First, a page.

What arrested my attention was how the growing distance between gesture and its spoken description leads to a performable piece. Let’s let Bill T. Jones explain as he has with Peggy Gillespie in Last Night on Earth.
I began to make solo works drawing upon my mother’s and father’s penchant for narration […] My mother’s praying was the first theater I ever saw […] In the first part of the dance, I repeated an improvised gesture until it was set — mastered. then I began to describe my movements as I performed them. Through repetition, the gesture and its spoken description slowly changed. I relished these changes — exaggerated them, in fact, until the movement and its description were related by only the freest association. While performing this evolutionary piece, I found that I entered a trancelike state [… described by critic Arlene Croce as a tizzy …] This “tizzy” is something I have claimed as an inheritance. Perhaps in her experience it did not seem genuine, or perhaps it seemed too genuine — embarrassing, even — but for me it is an integral part of the strategy that allows me to make art.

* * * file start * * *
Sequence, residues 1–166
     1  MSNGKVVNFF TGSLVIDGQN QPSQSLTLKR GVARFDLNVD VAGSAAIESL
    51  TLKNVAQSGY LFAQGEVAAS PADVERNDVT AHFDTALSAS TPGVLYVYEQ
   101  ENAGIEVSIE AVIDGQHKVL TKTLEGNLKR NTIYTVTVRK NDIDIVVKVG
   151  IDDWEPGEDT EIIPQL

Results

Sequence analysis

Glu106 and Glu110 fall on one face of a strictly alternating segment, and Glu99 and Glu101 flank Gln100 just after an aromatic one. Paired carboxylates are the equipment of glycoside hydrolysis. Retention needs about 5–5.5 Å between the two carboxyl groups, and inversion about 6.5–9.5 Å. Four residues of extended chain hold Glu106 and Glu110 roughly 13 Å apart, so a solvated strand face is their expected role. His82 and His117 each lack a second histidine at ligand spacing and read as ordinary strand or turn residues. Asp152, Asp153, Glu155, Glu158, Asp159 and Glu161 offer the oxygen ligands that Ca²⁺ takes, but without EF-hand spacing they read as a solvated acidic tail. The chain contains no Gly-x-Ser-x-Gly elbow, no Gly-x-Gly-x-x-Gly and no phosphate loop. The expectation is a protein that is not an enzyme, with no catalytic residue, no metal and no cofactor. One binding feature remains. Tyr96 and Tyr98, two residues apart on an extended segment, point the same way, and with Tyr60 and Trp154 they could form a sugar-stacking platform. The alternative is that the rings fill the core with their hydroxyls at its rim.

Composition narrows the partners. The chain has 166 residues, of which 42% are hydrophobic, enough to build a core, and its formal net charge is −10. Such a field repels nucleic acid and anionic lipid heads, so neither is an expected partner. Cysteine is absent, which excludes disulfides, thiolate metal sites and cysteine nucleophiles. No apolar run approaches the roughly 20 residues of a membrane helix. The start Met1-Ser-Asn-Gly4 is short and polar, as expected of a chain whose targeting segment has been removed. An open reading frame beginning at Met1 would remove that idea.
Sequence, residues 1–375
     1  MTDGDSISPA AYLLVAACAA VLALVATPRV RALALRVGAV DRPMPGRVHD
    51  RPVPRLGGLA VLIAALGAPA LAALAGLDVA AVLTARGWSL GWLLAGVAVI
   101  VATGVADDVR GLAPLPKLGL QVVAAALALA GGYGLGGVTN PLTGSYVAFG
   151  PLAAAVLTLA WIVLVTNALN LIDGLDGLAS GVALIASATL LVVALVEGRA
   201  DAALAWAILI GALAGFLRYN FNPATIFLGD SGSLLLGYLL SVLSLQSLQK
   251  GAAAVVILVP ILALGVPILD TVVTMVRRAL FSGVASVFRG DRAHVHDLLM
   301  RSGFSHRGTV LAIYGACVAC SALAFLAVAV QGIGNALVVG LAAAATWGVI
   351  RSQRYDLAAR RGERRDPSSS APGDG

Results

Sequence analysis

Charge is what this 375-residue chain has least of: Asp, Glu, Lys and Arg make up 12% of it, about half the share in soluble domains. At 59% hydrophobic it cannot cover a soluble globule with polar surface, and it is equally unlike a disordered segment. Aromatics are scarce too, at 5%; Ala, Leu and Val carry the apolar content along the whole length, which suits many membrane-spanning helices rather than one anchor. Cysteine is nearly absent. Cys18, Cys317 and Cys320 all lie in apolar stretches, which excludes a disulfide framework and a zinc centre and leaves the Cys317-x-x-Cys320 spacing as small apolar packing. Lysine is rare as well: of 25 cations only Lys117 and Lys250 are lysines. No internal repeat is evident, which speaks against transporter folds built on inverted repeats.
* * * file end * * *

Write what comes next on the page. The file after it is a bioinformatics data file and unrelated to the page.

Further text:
In the forward to the book, Bill T. Jones thanks Peggy Gillespie for “her masterful blend of focussed passion and tactful prodding”. It is a description that is also suited to his style.
And so for day 816